Paula Overby, a third-party candidate running in Minnesota's most competitive congressional district, has died at age 68, a family member said Wednesday.

Her death comes as early voting is underway in the Second District, where Democratic U.S. Rep. Angie Craig is facing off with Republican Tyler Kistner in a heated race that could help decide control of the House.

Overby, running as part of the Legal Marijuana Now party, was the only other candidate on the ballot in the district that includes suburbs in the south metro and rural communities.

She is the second Legal Marijuana Now candidate to die shortly before an election in the Second District. In 2020, the substance abuse-related death of the party's candidate, Adam Weeks, also came a little more than a month before Election Day.

Weeks' death prompted a legal fight over the timing of the 2020 Second District election, as the GOP argued for a delayed special election. Judges ultimately sided with Democrats who pushed to hold the election as originally scheduled. The Secretary of State's office noted Wednesday afternoon that given the court ruling in the last election the Nov. 8 ballots would remain unchanged and the Second District election would proceed as scheduled, barring a new court order.

Overby's son Tyler said one of her heart valves was failing. He remembered her as someone who loved "having conversations about anything with anybody."

"She was great," Tyler Overby said. "She was a[n] extroverted introvert, but she was always selfless."

Overby was a longtime third-party candidate, having repeatedly run for the Second District seat and challenging U.S. Sen. Amy Klobuchar as a Green Party candidate in 2018.

Legal Marijuana Now Party Chairman Tim Davis said Overby was very active in third-party politics and tried to bring people together. He said he recently heard she had gone to the hospital and was having heart problems but was "gobsmacked" by her death.

"We probably won't have a candidate. It's too short a time period at this junction; there's only three and a half weeks to go. It would be very difficult for us to have a candidate," Davis said of the Second District, but he noted his party — which has major-party status — was meeting Wednesday evening and would discuss the situation.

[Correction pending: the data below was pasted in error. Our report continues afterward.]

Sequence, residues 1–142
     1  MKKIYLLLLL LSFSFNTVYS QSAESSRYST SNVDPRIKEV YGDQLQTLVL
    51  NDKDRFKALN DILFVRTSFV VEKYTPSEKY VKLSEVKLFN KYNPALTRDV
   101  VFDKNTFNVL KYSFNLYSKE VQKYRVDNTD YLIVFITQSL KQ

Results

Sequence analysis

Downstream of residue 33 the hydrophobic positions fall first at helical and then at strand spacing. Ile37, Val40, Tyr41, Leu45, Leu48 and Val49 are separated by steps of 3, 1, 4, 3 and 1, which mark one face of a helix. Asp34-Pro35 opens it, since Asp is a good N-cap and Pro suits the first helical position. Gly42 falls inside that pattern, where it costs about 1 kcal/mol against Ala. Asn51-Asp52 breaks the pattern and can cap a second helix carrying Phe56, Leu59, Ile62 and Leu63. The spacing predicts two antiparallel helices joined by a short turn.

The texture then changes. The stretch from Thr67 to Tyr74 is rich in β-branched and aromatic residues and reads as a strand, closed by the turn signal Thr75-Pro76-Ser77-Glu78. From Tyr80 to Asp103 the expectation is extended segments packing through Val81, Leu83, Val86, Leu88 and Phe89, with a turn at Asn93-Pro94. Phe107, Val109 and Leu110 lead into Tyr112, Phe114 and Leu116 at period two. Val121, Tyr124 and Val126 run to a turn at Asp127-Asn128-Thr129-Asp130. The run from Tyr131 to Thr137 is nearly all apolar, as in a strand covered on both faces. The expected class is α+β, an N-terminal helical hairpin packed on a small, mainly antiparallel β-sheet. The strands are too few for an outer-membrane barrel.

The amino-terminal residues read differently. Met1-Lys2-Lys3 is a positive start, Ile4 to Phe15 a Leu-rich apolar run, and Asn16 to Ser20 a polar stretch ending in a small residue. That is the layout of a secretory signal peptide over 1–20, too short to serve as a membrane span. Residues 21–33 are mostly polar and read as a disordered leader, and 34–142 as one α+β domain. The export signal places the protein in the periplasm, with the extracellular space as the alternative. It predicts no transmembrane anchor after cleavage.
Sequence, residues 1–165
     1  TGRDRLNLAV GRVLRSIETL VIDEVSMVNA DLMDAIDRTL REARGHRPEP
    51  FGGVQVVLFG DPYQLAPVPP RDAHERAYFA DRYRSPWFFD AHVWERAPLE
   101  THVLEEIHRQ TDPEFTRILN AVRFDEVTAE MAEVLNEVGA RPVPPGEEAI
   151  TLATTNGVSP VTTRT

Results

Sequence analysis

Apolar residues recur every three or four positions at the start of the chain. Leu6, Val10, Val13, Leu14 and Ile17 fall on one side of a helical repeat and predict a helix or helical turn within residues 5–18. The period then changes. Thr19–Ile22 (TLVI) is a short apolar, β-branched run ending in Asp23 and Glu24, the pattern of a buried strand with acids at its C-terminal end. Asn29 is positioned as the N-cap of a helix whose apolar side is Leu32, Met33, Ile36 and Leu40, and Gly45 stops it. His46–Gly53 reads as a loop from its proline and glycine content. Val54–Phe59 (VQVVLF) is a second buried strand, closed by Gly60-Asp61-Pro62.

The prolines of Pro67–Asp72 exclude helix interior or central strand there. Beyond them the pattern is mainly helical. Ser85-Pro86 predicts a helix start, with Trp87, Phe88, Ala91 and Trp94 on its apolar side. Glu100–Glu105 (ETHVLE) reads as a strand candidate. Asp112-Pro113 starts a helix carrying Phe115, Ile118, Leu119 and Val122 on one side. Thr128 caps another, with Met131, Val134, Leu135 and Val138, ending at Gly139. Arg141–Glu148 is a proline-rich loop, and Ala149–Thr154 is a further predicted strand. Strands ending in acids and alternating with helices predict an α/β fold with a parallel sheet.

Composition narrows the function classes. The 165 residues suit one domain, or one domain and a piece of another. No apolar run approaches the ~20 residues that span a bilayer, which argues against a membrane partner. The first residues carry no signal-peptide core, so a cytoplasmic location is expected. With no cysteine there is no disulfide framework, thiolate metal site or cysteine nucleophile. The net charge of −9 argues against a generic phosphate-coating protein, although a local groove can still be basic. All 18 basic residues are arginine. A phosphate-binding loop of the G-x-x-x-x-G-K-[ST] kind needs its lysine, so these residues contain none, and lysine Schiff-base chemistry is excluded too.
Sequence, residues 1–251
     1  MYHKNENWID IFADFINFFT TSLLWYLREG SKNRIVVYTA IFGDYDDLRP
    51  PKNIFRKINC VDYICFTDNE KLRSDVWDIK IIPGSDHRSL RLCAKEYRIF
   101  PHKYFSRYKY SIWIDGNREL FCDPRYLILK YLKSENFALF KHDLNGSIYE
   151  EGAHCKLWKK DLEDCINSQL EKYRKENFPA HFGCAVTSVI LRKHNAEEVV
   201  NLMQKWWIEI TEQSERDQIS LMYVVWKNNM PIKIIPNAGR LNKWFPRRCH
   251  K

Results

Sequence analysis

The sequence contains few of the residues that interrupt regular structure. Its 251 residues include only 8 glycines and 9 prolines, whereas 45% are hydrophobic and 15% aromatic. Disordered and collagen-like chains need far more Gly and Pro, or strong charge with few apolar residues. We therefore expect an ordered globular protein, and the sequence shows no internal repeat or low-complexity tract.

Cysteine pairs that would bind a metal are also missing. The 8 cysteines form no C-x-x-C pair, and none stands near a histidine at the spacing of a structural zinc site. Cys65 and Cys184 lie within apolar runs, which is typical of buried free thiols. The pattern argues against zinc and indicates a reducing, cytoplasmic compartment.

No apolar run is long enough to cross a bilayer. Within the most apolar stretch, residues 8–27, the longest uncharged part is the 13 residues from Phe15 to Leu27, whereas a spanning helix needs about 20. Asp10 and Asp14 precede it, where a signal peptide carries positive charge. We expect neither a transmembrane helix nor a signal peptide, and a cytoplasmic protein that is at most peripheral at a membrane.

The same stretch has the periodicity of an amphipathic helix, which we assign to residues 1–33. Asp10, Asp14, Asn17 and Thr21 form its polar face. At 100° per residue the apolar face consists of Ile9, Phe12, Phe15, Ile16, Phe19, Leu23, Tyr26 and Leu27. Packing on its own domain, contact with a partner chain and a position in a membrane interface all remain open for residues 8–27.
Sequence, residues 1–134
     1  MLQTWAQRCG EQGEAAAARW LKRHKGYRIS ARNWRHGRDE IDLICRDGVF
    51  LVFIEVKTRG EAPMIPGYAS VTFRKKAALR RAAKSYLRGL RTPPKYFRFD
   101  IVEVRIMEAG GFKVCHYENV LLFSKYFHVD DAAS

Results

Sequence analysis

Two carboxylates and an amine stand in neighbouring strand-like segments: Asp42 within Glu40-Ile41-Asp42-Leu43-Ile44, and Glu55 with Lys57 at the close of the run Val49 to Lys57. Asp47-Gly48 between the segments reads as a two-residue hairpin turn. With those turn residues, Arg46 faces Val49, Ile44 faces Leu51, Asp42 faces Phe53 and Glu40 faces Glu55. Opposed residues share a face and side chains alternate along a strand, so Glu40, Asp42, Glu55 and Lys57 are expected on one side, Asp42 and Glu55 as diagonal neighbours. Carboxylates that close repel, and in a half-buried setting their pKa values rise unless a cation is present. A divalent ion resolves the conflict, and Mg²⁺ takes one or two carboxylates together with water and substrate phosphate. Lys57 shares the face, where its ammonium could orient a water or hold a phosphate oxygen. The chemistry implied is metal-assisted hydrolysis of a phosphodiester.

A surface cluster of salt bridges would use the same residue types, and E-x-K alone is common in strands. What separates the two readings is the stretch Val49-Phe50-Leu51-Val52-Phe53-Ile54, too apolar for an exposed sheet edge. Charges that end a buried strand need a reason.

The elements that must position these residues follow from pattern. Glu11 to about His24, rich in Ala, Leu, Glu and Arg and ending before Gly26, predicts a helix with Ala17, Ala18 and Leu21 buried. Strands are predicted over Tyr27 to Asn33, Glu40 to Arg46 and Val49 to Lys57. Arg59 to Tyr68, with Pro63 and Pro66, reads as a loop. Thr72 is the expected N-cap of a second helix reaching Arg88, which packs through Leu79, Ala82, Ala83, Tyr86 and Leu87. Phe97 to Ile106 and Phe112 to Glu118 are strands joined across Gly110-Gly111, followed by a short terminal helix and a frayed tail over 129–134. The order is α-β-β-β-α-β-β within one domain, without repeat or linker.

When Overby launched her first bid for the Second District several elections ago, she said she did not want to make her gender identity a focus of her campaign. But she said her journey as a transgender woman informed her political views and distrust of the two-party system.

"The whole idea of a binary process [in politics] … it's really not a realistic model. It does create this polarization we see in our political process," Overby told the Star Tribune at the time. She said then that she aimed to draw attention to issues affecting minority groups.

Both Craig and Kistner issued statements sending condolences to Overby's family.

"Minnesota is better for her involvement in our community and she will be missed," Craig said.

"Paula Overby cared deeply about our state, and the principles she believed in," Kistner said. "It was an honor to have gotten to know Paula throughout this campaign."

Overby was the technology director for the Friends School of Minnesota, and her profile on the school's website notes that "[in] addition to over 30 years experience in technology, Paula brings a lifetime of social justice work and activism to the Friends School."

She was the author of "The Transgender Myth" and was a mental health counselor, domestic violence advocate and political candidate, the short biography adds.

Her campaign website stresses that she has a track record of opposing "endless wars" that threaten the environment and of challenging corporate profiteering that she said has undermined the health care system.